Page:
Wandering Thoughts archives


Making tracking upstream Git repositories a bit quieter

I track a bunch of upstream Git repositories, where by 'track' I mean that I keep a local copy and update it periodically. By now I have enough of these tracking repositories that updating them all with a straightforward 'git pull --ff-only' (sometimes through an alias) is increasingly noisy, with too much output. This is especially so for the most active repositories, such as my copy of the Linux kernel; a normal 'git pull' on the Linux kernel can easily produce more than a hundred lines of output (sometimes several hundred). Over the past week I've been trying to hunt around in Git to reduce the amount of normal output, with only some success.

The two obvious steps I've taken are to set the 'git fetch' output to its compact mode with 'git config fetch.output compact' and, for some very active repositories, to turn off diffstat output (which lists files modified, added, and removed) with 'git config merge.stat off'. However, this is still relatively verbose in two areas. First, for all repositories you get the four standard lines of 'remote:' messages that report the progress of the fetch. Second, for some repositories, I get a churn of branches being created and pruned.

As far as I know, there's no way to turn off only the remote progress reporting short of feeding standard output and standard error from 'git pull' (or a direct 'git fetch') through a pipe to, say, cat. You can silence everything with 'git fetch -q' but that's potentially quite extreme; in many repositories I want to know about new tags and new branches because they're important markers of things happening. If I was willing to lose those, I could get a very minimal output with 'get fetch -q && git pull', which produces either 'Already up to date' or two lines of 'Updating ...' and 'Fast-forward'.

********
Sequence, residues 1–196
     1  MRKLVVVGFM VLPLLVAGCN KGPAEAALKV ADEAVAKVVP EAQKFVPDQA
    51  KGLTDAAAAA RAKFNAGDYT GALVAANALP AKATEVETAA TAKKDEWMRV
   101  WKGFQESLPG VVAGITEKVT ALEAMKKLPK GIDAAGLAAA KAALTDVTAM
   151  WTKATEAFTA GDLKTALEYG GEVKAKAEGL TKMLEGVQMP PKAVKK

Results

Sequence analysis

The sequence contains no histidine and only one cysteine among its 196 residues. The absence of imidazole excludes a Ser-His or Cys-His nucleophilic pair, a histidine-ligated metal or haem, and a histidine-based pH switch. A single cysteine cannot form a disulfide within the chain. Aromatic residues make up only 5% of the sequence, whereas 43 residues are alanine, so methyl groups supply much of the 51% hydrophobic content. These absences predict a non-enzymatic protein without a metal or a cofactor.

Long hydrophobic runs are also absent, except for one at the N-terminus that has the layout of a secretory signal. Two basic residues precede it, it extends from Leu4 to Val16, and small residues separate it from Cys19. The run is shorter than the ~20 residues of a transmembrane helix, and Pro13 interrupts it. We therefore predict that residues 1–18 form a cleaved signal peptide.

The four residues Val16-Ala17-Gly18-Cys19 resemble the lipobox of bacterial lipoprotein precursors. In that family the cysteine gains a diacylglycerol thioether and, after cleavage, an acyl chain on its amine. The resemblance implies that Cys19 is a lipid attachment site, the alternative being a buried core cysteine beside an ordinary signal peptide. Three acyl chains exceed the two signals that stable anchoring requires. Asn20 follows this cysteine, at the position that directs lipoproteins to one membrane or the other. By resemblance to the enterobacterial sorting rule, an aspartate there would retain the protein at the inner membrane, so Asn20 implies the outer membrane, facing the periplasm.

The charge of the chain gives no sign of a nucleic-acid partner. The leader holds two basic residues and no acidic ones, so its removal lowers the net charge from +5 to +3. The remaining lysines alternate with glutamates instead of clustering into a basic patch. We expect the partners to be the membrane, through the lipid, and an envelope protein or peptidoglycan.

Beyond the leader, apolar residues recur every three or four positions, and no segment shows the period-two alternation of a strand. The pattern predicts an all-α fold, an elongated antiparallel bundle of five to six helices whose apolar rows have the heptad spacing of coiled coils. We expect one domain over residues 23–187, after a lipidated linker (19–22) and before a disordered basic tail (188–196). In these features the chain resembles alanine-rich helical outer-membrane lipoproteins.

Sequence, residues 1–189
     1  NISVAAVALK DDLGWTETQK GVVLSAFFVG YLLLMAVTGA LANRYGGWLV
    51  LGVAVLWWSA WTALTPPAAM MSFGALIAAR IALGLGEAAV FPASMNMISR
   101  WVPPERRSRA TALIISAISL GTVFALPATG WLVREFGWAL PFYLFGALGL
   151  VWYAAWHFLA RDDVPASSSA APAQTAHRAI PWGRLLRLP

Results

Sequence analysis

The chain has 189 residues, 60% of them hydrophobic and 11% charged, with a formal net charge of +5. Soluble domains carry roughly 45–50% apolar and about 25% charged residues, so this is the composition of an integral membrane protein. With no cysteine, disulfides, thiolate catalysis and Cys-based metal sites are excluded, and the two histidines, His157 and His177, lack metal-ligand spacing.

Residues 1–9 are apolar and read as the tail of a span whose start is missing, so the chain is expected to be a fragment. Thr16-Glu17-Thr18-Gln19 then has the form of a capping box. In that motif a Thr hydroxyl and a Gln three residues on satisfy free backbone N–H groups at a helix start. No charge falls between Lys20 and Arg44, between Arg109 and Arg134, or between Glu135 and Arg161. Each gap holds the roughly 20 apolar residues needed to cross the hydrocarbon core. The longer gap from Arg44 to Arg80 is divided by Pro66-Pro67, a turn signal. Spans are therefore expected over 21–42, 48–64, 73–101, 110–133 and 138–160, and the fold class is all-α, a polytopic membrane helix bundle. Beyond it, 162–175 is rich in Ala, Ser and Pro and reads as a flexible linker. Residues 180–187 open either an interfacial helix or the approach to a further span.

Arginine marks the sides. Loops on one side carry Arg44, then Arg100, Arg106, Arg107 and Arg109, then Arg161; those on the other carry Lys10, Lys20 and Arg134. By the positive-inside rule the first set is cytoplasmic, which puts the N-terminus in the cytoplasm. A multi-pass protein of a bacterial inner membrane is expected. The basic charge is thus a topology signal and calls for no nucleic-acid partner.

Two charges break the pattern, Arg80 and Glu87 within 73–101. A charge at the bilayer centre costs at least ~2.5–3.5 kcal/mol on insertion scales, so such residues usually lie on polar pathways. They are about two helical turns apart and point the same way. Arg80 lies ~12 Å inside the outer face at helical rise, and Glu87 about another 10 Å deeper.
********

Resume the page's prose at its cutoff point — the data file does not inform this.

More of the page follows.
Knowing that an update happened is important in some repositories, because I'll then go read the commit messages. In others, it's just noise (although at two lines, tolerable noise). This surfaces the small issue that I'm not actually sure what I want in quiet 'git pull' output, and it's almost certainly different in different repositories. I interact quite differently with my copy of the Linux kernel than I do with, say, my copy of OpenZFS on Linux.

programming/GitQuieterRepoTracking written at 23:56:59; Add Comment

find mostly doesn't need xargs today on modern Unixes

I've been using Unix for long enough that 'find | xargs' is a reflex. When I started and for a long time afterward, xargs was your only choice for efficiently executing a command over a bunch of find results. If you didn't want to run one grep or rm or whatever per file (which was generally reasonably slow in those days), you reached for 'find ... -print | xargs ...'. There were some gotchas in traditional xargs usage, and one of them was why GNU xargs, GNU find, and various other things start growing options to use the null byte as an argument terminator instead of the usual (and surprising) definition. Over time I adopted to these and soon was mostly using 'find ... -print0 | xargs -0 ...'.

For usage with find, all of this is unnecessary on a modern Unix and has been for some time, because find folded this into itself. Modern versions of find don't have just the traditional '-exec', which runs one command per file, but also an augmented version of it which aggregates the arguments together like xargs does. This augmented version is used by ending the '-exec' with '+' instead of ';', like so:

find . ... -exec grep -H whatever '{}' +

(I'm giving grep the -H argument for reasons covered here.)

Although I sometimes still reflexively use 'find | xargs', more and more I'm trying to use the simple form of just find with this augmented -exec. My reflexes can learn new tricks, eventually.

This augmented form of -exec is in the Single Unix Specification for find, so unsurprisingly it's not just in GNU Find but also OpenBSD, FreeBSD, NetBSD, and Illumos. I haven't tried to look up a find manpage in whatever commercial Unixes are left (probably at least macOS and AIX). Based on the rationale section of the SUS find, this very convenient find feature was introduced in System V R4. The Single Unix Specification also explains why they didn't adopt the arguably more Unixy option of '-print0' for null-terminated output.

(In practice everyone has adopted -print0 as well, even OpenBSD and Illumos. I assume without checking that they also all have 'xargs -0', because it doesn't make much sense to adopt one without the other.)

PS: Unfortunately this feature is not quite as flexible as it looks. Both the specification and actual find implementations require the '{}' to be at the end of the command, instead of anywhere in it. This means you can't do something like 'find ... -exec mv {} /some/dir +'. This makes life slightly simpler for find's code and probably only rarely matters for actual usage.

unix/FindWithoutXargsToday written at 00:09:21; Add Comment

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